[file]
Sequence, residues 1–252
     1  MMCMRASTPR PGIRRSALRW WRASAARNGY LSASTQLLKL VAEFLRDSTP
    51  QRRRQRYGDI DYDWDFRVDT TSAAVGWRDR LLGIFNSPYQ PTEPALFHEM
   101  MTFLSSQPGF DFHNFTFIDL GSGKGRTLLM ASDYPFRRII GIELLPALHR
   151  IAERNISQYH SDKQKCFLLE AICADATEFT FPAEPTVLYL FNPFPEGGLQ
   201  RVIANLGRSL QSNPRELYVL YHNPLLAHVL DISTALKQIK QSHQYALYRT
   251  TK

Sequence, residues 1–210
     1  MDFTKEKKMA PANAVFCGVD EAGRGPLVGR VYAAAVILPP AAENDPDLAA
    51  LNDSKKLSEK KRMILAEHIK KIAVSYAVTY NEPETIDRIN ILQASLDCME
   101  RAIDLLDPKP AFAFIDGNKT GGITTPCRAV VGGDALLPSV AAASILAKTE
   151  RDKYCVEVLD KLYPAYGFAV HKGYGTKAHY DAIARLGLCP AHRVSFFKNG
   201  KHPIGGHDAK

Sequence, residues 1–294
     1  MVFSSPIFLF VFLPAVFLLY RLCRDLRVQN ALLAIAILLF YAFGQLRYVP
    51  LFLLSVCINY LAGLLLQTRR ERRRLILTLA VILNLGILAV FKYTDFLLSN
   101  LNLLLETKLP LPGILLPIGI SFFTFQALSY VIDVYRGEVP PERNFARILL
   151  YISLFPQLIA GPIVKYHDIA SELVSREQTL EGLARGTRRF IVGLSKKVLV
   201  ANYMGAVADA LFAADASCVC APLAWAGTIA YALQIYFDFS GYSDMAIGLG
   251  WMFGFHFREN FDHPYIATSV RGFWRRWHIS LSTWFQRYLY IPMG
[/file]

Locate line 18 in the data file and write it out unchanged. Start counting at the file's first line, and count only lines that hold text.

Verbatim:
   151  YISLFPQLIA GPIVKYHDIA SELVSREQTL EGLARGTRRF IVGLSKKVLV